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Old 04-06-2008, 04:36 PM   #17
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Short Update 4/6/08:


I've finally figured out how to wire the oil cooler fans to the neutral switch so that when I put the tranny in neutral, like at a stop light where I will be idling for awhile, the neutral switch will trigger the relay for the fans automatically.

I was lurking over at Adventure Rider, which I do frequently, and found this thread: http://www.advrider.com/forums/showt...neutral+switch about someone using the neutral switch to turn off some heated gear.

For quite awhile I was perplexed about how the neutral switch works. When I use my multimeter on the neutral switch wires I was finding that I would get a 12v signal in every gear except neutral. What I was trying to do is wire the fan relay to a 12v switched signal, which I thought would be the neutral switch. But after reading about the one person on the Adventure Rider forum, I figured I'd try and wire the relay ground to the neutral switch and voila it works.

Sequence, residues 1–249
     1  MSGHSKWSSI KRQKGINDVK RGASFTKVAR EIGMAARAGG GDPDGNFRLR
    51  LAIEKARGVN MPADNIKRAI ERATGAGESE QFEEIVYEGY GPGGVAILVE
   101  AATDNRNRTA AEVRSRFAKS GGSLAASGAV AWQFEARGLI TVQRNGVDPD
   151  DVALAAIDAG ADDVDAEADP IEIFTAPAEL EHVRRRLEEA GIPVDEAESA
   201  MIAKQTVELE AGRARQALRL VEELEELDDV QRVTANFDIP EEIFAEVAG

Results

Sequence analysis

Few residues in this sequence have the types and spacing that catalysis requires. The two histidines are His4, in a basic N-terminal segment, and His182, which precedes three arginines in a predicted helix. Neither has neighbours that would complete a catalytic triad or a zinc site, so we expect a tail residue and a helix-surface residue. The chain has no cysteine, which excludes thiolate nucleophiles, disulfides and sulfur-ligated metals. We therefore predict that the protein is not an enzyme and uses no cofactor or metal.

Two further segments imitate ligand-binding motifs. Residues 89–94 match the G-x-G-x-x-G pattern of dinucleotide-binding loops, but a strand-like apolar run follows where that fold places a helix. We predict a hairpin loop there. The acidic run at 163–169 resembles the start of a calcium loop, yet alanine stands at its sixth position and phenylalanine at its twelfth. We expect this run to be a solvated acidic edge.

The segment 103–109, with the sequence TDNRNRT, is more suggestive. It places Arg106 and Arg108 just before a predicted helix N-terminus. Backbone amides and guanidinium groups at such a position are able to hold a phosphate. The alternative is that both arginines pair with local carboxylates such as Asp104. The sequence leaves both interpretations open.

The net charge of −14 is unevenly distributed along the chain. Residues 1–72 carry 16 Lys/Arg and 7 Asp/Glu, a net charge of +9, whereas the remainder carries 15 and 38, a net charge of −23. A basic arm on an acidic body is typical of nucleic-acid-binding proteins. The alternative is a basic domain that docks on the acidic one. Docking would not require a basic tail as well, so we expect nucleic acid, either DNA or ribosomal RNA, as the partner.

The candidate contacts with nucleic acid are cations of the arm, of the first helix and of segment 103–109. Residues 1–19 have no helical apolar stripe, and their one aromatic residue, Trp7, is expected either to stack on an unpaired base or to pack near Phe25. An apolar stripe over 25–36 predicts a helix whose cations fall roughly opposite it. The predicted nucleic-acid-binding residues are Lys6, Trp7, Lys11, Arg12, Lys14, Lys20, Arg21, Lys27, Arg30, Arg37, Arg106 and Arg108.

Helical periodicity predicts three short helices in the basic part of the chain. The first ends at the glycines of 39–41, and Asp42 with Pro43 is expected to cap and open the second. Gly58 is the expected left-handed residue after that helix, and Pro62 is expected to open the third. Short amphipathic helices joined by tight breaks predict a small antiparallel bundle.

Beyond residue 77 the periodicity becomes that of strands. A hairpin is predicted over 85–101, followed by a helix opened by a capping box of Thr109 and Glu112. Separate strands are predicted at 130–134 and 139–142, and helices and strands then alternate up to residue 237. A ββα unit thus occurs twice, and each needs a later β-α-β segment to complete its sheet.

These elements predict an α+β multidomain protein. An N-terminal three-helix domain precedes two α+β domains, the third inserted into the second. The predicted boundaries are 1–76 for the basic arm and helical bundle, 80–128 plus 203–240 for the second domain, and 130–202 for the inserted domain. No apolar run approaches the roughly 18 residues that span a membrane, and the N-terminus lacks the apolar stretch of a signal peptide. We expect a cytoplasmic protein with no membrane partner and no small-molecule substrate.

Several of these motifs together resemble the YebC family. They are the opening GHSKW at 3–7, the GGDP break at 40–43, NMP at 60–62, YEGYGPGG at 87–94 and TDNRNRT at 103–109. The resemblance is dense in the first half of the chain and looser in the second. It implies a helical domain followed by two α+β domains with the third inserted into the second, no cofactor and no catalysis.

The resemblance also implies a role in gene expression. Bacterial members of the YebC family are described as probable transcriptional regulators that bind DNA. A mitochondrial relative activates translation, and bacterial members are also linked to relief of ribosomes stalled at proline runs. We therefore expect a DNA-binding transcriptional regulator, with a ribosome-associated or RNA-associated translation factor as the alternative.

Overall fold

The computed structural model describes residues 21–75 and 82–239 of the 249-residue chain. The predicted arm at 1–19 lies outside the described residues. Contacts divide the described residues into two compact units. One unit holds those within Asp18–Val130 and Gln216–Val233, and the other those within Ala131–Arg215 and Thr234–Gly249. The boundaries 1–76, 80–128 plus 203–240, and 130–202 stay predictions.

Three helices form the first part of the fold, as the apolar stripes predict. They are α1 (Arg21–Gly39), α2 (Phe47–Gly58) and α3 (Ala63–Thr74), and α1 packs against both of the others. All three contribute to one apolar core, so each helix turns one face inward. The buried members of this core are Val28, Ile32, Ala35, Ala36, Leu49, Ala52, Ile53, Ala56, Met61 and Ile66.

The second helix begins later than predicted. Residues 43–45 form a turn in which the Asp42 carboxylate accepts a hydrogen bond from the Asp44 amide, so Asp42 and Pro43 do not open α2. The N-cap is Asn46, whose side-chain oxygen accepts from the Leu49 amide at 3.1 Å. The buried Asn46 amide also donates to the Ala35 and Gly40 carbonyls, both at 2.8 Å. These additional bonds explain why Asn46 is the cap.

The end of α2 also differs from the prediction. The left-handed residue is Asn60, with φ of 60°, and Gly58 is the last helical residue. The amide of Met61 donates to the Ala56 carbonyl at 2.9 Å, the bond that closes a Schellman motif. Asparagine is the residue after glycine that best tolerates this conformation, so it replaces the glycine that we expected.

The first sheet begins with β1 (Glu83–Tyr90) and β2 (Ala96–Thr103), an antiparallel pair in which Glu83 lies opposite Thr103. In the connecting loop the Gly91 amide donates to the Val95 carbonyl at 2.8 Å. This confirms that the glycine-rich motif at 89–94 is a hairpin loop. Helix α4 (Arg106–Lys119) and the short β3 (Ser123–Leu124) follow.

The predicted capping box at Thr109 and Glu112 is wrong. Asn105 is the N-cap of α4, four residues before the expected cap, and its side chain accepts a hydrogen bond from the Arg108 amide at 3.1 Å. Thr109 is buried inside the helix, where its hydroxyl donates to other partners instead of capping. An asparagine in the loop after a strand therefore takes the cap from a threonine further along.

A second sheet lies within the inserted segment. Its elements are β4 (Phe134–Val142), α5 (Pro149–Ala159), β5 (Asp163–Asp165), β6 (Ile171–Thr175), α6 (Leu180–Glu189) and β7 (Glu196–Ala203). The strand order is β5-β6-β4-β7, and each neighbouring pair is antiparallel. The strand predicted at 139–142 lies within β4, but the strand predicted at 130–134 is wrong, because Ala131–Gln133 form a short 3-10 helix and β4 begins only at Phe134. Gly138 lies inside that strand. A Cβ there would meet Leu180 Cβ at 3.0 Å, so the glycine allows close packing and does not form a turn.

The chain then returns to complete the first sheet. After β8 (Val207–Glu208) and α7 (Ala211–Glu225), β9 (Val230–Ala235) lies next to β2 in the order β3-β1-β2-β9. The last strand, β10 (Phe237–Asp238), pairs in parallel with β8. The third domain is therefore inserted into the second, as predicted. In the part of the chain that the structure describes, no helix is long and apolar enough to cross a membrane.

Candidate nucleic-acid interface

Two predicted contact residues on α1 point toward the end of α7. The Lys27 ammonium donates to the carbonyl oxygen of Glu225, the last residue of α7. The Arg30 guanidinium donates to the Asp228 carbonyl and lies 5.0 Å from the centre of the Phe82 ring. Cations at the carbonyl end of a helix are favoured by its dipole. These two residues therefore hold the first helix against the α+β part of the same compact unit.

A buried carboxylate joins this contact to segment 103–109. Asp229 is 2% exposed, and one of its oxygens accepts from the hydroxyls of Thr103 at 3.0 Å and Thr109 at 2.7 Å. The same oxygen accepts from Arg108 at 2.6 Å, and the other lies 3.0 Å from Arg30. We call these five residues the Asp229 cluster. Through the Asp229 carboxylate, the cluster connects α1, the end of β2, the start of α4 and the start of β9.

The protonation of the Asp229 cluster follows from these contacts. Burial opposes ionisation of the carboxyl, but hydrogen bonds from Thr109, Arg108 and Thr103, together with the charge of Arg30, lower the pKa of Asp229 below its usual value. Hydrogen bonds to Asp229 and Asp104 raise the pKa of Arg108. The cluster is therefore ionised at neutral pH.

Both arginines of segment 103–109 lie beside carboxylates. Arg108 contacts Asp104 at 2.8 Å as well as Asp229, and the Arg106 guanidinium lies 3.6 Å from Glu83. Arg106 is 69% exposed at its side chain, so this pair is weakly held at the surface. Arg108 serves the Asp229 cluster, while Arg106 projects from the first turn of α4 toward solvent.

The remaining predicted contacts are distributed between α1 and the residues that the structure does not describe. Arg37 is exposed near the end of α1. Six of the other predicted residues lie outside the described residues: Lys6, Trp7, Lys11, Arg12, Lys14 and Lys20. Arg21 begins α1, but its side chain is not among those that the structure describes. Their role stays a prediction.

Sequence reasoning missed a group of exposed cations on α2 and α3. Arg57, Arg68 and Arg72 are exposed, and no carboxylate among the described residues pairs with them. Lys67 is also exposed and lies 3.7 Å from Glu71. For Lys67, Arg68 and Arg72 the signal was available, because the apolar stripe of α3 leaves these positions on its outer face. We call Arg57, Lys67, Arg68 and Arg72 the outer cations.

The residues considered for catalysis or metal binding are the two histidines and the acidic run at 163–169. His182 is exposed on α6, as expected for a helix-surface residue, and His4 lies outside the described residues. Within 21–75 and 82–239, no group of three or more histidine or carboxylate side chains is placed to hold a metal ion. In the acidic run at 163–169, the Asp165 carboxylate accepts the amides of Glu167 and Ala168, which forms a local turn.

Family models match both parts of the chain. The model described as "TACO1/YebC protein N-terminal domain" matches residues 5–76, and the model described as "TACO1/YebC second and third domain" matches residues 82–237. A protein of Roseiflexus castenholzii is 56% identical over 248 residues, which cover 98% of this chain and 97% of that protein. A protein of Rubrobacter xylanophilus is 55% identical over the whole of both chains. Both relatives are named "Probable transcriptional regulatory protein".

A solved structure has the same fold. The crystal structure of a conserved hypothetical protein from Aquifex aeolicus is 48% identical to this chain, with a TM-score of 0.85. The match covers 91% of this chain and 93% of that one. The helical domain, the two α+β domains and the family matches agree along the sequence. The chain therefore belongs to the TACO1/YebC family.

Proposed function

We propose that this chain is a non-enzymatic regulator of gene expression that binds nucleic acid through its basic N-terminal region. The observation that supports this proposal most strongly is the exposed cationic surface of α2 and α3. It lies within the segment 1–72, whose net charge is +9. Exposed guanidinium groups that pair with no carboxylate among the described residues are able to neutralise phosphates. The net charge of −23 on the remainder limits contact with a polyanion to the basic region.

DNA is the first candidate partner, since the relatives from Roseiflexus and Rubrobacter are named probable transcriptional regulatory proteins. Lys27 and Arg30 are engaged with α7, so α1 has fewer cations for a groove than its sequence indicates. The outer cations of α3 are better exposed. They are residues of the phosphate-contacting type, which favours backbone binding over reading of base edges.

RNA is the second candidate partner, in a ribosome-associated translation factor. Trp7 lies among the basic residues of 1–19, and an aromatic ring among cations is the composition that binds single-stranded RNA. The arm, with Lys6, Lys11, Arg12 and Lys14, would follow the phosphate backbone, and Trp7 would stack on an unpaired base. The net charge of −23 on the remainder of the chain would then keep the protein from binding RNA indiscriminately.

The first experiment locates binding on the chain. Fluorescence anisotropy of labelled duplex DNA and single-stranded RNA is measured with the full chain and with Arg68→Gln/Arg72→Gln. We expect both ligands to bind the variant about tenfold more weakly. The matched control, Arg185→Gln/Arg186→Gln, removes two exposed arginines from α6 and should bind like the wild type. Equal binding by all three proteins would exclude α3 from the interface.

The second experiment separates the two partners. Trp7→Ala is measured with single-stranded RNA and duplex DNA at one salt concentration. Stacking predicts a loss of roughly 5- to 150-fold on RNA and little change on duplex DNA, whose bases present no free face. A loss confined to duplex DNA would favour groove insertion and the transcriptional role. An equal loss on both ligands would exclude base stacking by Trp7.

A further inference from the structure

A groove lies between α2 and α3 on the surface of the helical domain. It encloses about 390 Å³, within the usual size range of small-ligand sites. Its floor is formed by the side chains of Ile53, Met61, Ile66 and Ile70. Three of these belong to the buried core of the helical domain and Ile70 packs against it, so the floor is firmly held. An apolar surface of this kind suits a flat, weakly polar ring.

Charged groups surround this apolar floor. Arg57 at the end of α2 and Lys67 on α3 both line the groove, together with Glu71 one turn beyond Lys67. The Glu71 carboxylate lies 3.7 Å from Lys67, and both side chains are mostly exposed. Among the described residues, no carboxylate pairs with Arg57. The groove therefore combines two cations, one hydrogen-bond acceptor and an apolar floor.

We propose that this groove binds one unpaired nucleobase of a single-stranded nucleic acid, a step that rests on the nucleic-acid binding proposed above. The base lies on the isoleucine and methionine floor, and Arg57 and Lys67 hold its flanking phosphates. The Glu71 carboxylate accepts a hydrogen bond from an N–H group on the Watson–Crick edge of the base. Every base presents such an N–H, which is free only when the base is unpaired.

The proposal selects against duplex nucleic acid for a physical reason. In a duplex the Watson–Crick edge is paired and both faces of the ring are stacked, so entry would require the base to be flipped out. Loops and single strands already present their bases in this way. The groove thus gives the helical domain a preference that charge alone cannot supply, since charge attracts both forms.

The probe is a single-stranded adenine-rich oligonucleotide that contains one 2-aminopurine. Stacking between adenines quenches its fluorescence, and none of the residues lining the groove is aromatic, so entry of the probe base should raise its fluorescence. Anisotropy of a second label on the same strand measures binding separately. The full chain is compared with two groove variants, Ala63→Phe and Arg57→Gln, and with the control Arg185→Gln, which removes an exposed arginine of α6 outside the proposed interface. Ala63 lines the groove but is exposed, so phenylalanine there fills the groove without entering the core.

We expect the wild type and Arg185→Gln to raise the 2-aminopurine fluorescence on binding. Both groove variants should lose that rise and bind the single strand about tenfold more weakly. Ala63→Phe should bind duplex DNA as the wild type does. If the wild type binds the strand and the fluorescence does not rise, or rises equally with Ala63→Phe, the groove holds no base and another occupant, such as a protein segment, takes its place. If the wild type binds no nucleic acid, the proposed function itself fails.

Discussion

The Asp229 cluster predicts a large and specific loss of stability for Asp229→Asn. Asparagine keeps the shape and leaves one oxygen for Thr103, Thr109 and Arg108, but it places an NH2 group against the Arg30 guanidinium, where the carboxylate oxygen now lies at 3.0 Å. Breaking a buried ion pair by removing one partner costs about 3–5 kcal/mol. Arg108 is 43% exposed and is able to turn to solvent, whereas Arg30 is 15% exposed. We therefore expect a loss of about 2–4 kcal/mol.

Now I have a new master switch that will shut off power to the relay even when in neutral, like during the winter season.

First version of the Master Switch:




Second version of the Master switch:





The new master switch I bought on ebay is the updated throttle switch gear and I used the hazzard flasher switch as the master switch for the oil coolers. The wiring harness is different on my 2001 so the hazzard switch does not work as 4 way flashers.